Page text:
Fecal samples were taken from newborn dairy calves to clarify the pathophysiology of diarrhea. Fecal p H, ammonia, urea, lactic acid, and volatile fatty acids (VFAs) were measured in 101 samples taken from 38 dairy calves during a period lasting from the day of birth to the age of 9 weeks. Among these samples, 60, including 5 instances of meconinm (within 24 hours postnatal), were normal. Eighteen were from soft to runny, and 23 were watery. Urea levels were remarkably high; ammonia and FVA (acetic acid only) levels were lowest in meconium. Within a few days after birth, a transient decrease in fecal p H was accompanied by an increase in lactic acid. Fecal VFAs, including propionic and butyric acid, and ammonia levels increased after birth. Although, in most instances of diarrheic feces, lower p H and higher VFA levels were observed, fecal lactic-acid levels were not necessarily higher. A positive relation was observed between fecal ammonia and VFA levels.
We investigated the development of lung lesions in primary specific pathogen-free pigs inoculated with either Mycoplasma hyopneumoniae or Pasteurella multocida or with both. Then we evaluated M. hyopneumoniae vaccine in cases of dual infection with M. hyopneumoniae and P. multocida. In pigs inoculated with P. multocida alone, no pulmonary lesions were observed, and organisms were rapidly eliminated from the lungs. Moderate pulmonary lesions were observed in pigs inoculated with M. hyopneumoniae alone. Severe, extensive pulmonary lesions were observed in and organisms were isolated from pigs inoculated with both M. hyopneumoniae and P. multocida. These results suggest that P. multocid a infection aggravates the severity of lung lesions caused in pigs by M. hyopneumoniae infection. The M. hyopneumoniae inactivated vaccine proved effective against not only M. hyopneumoniae, but also dual infection with M. hyopneumoniae and P. multocida.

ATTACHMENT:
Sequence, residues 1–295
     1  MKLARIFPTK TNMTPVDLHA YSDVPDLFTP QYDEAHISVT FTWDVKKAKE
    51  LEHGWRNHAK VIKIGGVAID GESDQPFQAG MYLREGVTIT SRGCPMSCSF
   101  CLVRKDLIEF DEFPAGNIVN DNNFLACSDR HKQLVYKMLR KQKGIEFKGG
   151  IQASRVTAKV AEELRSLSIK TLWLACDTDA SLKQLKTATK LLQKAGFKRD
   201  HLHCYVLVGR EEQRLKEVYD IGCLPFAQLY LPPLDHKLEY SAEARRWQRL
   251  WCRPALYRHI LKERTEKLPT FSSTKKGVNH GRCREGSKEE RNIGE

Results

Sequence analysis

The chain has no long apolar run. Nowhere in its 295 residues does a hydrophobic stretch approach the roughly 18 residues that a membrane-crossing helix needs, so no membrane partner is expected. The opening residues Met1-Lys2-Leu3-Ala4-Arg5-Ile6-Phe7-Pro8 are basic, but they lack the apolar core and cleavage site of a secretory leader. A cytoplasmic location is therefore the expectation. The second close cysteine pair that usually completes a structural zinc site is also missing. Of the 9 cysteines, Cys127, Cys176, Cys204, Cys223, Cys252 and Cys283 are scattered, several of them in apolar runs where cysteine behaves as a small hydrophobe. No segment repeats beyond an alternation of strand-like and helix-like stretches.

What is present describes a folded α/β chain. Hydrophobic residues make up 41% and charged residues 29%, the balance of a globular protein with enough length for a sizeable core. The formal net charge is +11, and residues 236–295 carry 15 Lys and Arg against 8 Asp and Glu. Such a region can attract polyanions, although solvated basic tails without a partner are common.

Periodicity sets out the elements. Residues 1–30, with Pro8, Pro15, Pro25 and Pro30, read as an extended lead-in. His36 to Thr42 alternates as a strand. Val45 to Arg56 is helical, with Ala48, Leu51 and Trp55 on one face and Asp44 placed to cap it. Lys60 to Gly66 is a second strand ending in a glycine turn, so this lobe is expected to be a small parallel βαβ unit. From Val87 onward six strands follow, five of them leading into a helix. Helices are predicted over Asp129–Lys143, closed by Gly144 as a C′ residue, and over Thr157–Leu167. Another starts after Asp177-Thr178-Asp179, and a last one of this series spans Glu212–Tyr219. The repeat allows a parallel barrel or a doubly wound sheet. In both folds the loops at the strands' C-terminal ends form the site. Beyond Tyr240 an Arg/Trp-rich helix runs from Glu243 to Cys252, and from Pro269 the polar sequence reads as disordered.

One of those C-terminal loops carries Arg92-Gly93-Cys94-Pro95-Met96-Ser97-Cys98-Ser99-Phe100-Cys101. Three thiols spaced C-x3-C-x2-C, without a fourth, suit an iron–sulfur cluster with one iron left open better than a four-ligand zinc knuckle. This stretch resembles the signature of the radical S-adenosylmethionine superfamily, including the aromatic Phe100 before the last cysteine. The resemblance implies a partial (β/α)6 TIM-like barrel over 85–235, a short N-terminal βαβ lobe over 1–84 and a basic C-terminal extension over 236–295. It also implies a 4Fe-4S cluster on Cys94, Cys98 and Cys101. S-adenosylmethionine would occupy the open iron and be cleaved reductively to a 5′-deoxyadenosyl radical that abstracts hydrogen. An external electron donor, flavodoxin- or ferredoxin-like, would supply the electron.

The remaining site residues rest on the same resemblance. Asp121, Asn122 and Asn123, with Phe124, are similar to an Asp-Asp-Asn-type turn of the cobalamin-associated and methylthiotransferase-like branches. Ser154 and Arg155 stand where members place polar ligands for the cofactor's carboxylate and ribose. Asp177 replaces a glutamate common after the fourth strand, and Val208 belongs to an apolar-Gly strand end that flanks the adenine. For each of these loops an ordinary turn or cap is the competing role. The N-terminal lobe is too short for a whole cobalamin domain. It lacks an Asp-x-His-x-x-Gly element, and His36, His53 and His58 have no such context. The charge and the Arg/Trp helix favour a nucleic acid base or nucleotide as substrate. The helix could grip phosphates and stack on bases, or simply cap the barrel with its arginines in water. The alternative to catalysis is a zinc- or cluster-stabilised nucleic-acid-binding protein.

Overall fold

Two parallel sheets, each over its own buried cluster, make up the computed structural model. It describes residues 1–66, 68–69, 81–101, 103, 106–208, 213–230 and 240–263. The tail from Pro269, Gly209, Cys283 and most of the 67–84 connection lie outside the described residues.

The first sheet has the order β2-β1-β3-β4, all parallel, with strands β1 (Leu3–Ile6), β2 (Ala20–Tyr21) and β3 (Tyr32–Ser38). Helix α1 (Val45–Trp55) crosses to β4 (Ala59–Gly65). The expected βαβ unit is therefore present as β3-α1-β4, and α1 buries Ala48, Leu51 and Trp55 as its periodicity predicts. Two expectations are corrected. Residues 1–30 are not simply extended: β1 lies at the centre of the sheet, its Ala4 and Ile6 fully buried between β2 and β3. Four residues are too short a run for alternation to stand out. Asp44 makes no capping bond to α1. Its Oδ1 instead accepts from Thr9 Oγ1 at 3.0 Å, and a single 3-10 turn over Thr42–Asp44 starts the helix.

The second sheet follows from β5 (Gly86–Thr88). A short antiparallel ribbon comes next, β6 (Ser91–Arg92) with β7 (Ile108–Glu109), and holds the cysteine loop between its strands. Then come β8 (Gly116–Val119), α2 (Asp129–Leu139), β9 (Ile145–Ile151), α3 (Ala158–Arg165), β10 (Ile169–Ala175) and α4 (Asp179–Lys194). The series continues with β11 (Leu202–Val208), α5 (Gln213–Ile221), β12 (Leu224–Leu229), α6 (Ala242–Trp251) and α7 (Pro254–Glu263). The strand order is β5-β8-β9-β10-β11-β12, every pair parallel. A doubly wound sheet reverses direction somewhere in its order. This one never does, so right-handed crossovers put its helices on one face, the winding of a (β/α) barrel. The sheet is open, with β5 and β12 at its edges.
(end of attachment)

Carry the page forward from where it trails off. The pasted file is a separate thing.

Bacteriological examinations showed all of 24 samples of calf umbilical infection to be positive.Escherichi coliwas isolated from 15 cases;Proteus mirabilisfrom 10;Streptococussspp. from 7;Fusobacterium necrophorumsubsp.funduliformefrom 6;Arcanobacterium pyogenesfrom 5;Bacteroidesspp. andF. necrophrumsubsp.necrophorumfrom 3 each; andKlebsiellasp., Enterococcussp., andPeptostreptococcussp. from one each. Of 24 samples cultured, 15 contained from 2 to 5 kinds of bacteria. These results show that anaerobes too are associated with umbilical infection in calves.
Physical examination and measurement of preprandial and postprandial serum bile acid and blood ammonia concentrations led to suspicion of a conbgenital portosystemic shunt in a 4-month-old Yorkshire terrier (1.40kg) admitted for evaluation of retarded growth, ptyalism, and postprandial ataxia. An intraoperative contrast portal venogram via the mesenteric vein revealed double extrahepatic shunt vessels from the portal vein to the caudal vena cava. After complete occlusion of the cranial and caudal shunts, portal pressure increased slightly from 3mmHg to 9mmHg. Opacification of liver lobes was visible after ligation of the shunts because of dilation of the portal vein. Anesthetic and postoperative recovery was uneventful. Five months after surgery, the patient was doing will with no clinical signs and no medication requirement. This instance of congenital double extrahepatic portosystemic shunts in a dog is rare.
In July 2001 we conducted a questionnaire survey of 1, 057 veterinary technicians who had attended seminars on zoonosis. The questionnaire included questions on school attendance and the zoonosis courses. Seventyfi ve percent of the respondents had graduated from professional schools for veterinary technicians and specialists in pet grooming or animal care. Among them 83% had taken courses on zoonosis, and more than 77% acknowledged the usefulness of such education. More than 50% acquired knowledge of parasites from the course, indicating the potential substantial role of professional schools in extending knowledge on zoonosis. Veterinary associations and veterinarians should therefore promote zoonosis education for students and veterinary technicians by working with government agencies, medical associations, and profe sional schools.